anean? California? England? The first two probably, the latter never! And yet the leaders of the International Style in architecture of the 1920s and 1930s - people like Charles-Edouard Jeanneret (Le Corbusier) , Rudolf Schindler and Walter Gropius - all expected their design solutions to be indifferent to climate and location, and suitable for all countries. They built and promoted a style that paid no dues to historical precedent or local traditions. Steel, white painted concrete, long window strips and flat roofs characterized their buildings. They saw them as rational "machines for living" that eschewed ornament, that used materials honestly, never pretending they were something else, and in which "form followed function". Such structures were built widely in France, Germany, the United States and elsewhere. In Britain only a few architects took up the modernist banner. Most used the style as something to plunder for motifs that could be grafted on to more traditional buildings.
And maybe that was right. A damp, cloudy country such as ours presents something of a challenge to a flat roof, steel-reinforced concrete and white paint! However, one British architect who did work in this style was Joseph Emberton (1889-1956). In his best known building, the Royal Corinthian Yacht Club (1931), Burnham on Crouch, he deployed the full range of the International Style to great effect. At Blackpool Pleasure Beach, a large funfair, he built in this style again, to best effect in the Casino (1935-39). This striking white building combines serious modernity and whimsy. The curved walls and low window bands wrap the building round the corner of the fairground site in a very sleek way. But, sticking up from the front, is a slim spiral staircase to nowhere! It is topped by a light and a flag, and is simply a piece of fun that accompanies the equally humorous, red and black, ship's funnel.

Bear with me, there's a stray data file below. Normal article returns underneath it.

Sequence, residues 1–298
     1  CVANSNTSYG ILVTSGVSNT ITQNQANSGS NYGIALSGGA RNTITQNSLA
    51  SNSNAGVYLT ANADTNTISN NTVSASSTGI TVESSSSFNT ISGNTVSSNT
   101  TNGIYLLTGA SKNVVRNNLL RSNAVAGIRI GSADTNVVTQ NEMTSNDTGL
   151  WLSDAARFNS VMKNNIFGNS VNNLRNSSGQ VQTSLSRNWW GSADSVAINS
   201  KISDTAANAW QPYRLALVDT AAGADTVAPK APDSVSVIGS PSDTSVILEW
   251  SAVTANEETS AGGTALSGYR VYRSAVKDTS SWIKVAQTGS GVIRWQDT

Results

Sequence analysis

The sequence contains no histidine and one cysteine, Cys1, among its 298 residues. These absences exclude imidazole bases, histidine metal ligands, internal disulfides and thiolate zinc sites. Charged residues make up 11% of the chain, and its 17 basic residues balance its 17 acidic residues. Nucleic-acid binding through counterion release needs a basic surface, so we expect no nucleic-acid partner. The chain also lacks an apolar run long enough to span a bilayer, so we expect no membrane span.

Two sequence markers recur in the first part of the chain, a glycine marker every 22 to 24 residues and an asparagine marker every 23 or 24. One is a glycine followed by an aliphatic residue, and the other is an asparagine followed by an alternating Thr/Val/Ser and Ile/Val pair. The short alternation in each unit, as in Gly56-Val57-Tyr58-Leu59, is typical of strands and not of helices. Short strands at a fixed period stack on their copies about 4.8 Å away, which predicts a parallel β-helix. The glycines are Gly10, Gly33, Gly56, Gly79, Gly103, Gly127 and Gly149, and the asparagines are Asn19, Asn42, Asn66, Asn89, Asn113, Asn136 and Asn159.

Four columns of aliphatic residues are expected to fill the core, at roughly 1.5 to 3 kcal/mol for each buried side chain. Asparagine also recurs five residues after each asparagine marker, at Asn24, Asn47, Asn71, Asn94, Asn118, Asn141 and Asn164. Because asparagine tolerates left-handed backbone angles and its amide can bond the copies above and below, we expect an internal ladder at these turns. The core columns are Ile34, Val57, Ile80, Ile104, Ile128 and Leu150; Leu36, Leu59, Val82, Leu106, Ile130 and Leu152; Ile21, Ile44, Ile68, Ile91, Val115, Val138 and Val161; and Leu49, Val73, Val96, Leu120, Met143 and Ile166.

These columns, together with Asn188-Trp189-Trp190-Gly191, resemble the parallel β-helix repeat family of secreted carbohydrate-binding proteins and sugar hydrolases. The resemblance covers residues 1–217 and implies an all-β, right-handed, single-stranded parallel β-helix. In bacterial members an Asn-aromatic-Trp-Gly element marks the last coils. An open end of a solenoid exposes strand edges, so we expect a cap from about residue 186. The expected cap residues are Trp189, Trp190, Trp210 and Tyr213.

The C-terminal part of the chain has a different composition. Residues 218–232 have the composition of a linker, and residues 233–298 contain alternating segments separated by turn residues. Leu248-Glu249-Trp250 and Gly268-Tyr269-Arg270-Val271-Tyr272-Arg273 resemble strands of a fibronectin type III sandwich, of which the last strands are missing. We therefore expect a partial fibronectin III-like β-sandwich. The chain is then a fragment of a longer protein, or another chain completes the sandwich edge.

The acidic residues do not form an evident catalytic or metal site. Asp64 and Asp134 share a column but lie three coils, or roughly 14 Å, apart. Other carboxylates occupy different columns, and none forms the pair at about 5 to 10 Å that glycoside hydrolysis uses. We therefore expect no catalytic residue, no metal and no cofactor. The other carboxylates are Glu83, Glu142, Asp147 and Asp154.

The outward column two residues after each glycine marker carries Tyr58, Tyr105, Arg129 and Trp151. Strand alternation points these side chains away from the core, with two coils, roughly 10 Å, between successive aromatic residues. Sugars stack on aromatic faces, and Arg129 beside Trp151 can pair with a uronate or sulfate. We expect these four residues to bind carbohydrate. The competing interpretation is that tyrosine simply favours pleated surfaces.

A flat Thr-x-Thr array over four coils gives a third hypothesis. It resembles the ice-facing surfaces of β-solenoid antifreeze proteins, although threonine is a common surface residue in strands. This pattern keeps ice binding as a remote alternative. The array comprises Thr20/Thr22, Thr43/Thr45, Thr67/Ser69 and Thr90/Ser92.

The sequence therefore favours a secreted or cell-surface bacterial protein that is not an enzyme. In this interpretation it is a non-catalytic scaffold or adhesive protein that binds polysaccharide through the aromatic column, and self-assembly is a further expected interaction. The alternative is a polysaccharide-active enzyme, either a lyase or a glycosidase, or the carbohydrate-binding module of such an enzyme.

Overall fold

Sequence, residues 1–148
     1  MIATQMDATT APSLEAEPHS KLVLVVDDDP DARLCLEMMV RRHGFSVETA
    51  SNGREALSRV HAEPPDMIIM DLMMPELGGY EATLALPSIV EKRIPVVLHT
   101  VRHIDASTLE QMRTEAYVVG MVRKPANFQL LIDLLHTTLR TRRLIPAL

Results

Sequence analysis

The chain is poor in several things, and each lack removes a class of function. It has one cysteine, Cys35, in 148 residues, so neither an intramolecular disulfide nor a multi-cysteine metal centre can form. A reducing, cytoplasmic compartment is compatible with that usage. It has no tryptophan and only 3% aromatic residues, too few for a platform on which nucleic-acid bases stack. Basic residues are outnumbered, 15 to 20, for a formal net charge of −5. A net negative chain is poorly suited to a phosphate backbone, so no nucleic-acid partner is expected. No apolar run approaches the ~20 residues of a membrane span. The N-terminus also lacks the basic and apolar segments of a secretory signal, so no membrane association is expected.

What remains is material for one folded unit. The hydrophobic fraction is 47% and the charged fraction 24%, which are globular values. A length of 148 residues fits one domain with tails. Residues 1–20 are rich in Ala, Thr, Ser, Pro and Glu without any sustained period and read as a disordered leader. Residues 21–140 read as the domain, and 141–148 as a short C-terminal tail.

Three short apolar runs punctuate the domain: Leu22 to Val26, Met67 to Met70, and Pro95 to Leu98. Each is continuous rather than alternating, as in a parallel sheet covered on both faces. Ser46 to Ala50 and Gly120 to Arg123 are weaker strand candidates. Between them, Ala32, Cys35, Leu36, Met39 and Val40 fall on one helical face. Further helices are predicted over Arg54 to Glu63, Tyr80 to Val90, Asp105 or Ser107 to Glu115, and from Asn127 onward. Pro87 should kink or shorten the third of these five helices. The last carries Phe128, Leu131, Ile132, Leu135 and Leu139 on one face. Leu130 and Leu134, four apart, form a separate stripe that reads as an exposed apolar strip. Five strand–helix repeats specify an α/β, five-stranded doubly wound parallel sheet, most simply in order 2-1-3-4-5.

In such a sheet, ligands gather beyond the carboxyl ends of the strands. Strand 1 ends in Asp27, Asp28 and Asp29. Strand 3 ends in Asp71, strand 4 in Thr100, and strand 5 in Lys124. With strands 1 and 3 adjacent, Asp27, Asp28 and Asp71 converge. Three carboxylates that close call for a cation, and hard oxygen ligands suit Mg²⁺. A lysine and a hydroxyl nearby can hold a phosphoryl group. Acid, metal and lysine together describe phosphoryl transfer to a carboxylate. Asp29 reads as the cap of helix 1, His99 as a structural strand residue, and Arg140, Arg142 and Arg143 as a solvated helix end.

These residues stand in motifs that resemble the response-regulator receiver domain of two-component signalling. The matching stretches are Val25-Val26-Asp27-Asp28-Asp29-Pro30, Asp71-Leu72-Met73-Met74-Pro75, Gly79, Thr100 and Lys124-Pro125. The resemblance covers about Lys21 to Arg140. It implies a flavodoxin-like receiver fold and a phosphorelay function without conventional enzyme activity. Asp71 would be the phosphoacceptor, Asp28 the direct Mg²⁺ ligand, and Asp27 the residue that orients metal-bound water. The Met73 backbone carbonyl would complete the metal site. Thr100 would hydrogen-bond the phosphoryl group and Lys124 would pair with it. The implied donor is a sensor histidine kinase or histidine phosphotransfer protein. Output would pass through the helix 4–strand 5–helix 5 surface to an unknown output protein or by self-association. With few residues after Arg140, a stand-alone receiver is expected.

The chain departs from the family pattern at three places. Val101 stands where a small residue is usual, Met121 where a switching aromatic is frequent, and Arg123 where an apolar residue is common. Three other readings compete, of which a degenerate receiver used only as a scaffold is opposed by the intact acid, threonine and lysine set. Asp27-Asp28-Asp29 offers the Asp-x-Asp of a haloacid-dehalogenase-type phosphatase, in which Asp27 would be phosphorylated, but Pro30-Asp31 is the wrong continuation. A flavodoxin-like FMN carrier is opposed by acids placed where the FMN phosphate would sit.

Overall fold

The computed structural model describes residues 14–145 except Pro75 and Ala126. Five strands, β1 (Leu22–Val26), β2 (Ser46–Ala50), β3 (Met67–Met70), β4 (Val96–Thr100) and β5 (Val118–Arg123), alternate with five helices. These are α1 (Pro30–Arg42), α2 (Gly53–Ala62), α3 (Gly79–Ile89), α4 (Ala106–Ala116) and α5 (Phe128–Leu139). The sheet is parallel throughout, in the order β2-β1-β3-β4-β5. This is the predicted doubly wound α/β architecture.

I took this shot of a part of the spiral staircase shortly after it had been repainted. The drill-like form was being shown to good effect by the morning light, giving it a Mediterranean appearance - one of the few days on which that would be achieved! I used a zoom lens, focussing on a section of the spiral to display the sensuous curves that one wouldn't imagine possible in concrete.
photograph & text (c) T. Boughen